Before my grandfather’s funeral, I struggled for time to absorb his absence and grieve. We had logistics to handle, relatives to entertain, strangers to greet, and my grandmother to keep company. One night, my older cousin found me sitting alone in a dark room and demanded to know who had “said something ugly” to make me cry. She didn’t understand my need for a minute to acknowledge the pain in my chest.
After the funeral, I saw four family friends who drove three hours from our hometown to be there. The emotional dam I’d kept plugged finally burst. I started crying. What better time to mourn, when no one required anything of me, and friends were there for support?
One by one, they stepped forward to hug me. The fourth, however, clapped me hard on the shoulder. “Stop that, now,” he said. “Pull it together. You’re in public.”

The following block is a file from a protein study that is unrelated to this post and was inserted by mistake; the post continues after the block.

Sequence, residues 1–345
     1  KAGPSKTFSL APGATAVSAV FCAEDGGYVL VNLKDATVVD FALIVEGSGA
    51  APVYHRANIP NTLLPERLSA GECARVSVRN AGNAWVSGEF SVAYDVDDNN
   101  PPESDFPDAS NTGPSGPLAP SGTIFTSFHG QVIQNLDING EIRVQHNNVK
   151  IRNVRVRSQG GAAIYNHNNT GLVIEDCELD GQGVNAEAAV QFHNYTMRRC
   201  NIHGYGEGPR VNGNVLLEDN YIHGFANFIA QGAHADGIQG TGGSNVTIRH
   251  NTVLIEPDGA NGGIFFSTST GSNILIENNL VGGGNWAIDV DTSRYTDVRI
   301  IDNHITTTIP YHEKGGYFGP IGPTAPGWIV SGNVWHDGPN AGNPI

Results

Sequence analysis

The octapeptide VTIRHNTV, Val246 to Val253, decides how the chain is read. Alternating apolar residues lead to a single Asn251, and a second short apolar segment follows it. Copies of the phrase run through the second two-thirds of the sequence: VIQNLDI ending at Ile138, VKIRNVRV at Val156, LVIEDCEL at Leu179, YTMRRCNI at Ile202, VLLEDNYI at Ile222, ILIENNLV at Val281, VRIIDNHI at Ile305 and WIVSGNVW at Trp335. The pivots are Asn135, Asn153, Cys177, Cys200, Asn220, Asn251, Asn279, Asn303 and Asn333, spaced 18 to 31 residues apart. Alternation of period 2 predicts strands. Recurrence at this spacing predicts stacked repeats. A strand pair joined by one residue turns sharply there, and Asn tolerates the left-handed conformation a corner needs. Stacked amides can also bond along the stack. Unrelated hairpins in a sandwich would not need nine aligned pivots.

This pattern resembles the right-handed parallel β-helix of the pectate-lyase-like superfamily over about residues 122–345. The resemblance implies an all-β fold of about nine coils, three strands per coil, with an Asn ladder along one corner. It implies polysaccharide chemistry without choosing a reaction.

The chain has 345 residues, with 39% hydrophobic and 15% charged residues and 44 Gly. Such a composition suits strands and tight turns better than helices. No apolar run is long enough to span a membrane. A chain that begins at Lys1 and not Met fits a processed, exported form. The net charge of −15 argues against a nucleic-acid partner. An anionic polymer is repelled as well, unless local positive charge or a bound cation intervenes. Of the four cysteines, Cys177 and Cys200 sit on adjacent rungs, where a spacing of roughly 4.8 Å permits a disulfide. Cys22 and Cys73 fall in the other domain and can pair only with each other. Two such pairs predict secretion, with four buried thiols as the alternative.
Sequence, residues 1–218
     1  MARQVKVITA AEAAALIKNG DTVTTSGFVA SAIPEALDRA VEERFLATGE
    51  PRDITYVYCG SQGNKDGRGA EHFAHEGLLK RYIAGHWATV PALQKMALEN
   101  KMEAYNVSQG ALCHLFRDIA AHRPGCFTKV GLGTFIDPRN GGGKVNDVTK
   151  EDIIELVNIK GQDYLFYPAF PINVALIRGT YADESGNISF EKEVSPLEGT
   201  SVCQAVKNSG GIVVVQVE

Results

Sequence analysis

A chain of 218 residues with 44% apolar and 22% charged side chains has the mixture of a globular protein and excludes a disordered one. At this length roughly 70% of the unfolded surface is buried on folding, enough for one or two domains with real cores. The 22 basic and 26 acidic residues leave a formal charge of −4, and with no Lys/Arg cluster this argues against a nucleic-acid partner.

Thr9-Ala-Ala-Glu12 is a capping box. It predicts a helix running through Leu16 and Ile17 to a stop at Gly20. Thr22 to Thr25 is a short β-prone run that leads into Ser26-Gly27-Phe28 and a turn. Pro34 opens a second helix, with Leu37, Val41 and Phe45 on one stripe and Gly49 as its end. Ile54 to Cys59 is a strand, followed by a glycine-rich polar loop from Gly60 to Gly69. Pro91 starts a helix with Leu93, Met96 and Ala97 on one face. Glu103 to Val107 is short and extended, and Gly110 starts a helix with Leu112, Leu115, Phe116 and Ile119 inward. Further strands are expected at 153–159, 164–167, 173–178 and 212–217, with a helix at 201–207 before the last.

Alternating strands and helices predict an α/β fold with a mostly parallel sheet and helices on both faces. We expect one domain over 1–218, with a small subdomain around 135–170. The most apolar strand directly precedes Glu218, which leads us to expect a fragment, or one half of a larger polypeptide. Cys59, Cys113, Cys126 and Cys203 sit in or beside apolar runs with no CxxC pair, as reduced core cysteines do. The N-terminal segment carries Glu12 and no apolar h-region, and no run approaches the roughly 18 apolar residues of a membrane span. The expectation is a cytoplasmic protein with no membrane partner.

His own discomfort had spoken. How dare I grieve in front of him? At a funeral! I felt like one of Job’s friends had replaced the one I had.
Since then, I’ve lost more relatives. At each funeral I’ve fought against the echo of rebuke and reminded myself that God doesn’t equate tears with weakness. God created seasons for everything, including a time to break down and a time to build up; a time to weep, and a time to laugh; a time to mourn, and a time to dance (vv. 3-4).
At my younger cousin’s funeral this winter, seeing so many of Santee’s friends grieve openly and support each other healed me. They embraced, wept, and talked. They linked arms with those who couldn’t cry and walked around the cemetery. They mourned honestly as a community, embracing the season in which they stood. I remain so grateful for their example.
Which season in today’s passage sounds like the one you’re in now? When have you struggled to find the right season to express what’s inside of you?
God of every season, grant me wisdom to see which season I’m in and to recognize which ones I’ve denied myself. Amen.